December 3, 2000
Jack Covert Selects: Jack Covert Selects - Executive Instinct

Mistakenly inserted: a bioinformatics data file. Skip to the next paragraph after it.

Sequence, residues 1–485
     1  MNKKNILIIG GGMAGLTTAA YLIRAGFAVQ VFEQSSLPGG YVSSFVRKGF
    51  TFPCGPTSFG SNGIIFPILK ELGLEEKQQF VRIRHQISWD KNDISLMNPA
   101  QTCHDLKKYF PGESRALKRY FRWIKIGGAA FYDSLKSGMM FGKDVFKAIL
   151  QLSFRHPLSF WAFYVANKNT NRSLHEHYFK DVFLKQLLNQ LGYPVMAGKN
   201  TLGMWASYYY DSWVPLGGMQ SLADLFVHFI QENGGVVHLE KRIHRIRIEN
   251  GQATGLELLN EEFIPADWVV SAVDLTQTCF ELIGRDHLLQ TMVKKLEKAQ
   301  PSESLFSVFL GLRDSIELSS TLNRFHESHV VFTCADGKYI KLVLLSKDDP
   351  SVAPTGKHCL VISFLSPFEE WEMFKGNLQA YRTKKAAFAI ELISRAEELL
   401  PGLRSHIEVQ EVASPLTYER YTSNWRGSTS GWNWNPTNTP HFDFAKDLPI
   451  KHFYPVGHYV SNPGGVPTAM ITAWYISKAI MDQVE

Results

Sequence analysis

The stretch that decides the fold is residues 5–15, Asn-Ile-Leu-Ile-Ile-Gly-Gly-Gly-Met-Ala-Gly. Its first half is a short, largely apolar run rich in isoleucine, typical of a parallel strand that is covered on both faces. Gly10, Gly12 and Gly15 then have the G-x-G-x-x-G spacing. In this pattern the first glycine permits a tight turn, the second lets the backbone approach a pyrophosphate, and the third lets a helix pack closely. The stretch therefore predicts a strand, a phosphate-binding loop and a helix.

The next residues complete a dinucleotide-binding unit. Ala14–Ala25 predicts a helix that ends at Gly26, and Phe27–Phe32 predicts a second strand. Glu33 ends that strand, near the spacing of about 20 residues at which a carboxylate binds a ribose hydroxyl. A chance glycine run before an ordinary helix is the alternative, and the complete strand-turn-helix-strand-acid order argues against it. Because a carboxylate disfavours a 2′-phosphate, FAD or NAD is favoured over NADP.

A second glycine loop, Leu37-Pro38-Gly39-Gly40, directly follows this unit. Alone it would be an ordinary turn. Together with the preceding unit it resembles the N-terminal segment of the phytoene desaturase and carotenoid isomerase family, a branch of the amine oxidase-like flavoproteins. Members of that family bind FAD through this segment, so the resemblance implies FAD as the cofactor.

Executive Instinct: Managing the Human Animal in the Information Age by Nigel Nicholson, Crown Business, 280 pages, $25.00 Hardcover, November 2000, ISBN 0812931971 When I started Jack Covert Selects I promised myself that I would only write and talk about books I liked and got excited about. Well, once again I have broken a promise I made to myself. This book is a fascinating look at managing people in modern organizations in a very unconventional way. Executive Instinct is a book that has caused me to think about some very fundamental issues in a different light. The author is at the forefront of a new field called Evolutionary Psychology. That field believes that we are struggling with the complexities of modern life and the modern organization with our brain hardwired to Stone Ages. Issues like gossip is bad, he believes that gossip is an essential feature of all human communities and cannot be eliminated from business. Also Boundaryless organizations are good, The author believes "people will always need contexts in which they can work and interact face-to-face. Many traditional forms of organization will persist for this reason." I really got hocked on the book by reading his foreword. He uses a mugging incident to illustrate many of his points. Points like emotion before reason, confidence before realism, etc. A couple other premises are: We often put confidence before realism and ignore clues of impending disaster (been there, done that) and that some people just aren't born to be leaders. He also uses the Baring's Bank failure in 1995 as an example of his beliefs in action. He breaks down the actions of Nick Leeson of Berings and shows how his actions apply to the author's beliefs. One of my best books of all time is a book called The Age of Unreason by Charles Handy. It took me awhile to assimilate and appreciate the brilliance of that book. I have a feeling that this book will be the same. It may take a rereading to digest it completely. Reading the book has shown me that managing needs to take into account human nature to succeed and that Nicholson's approach has quite a bit of intuitive logis to it.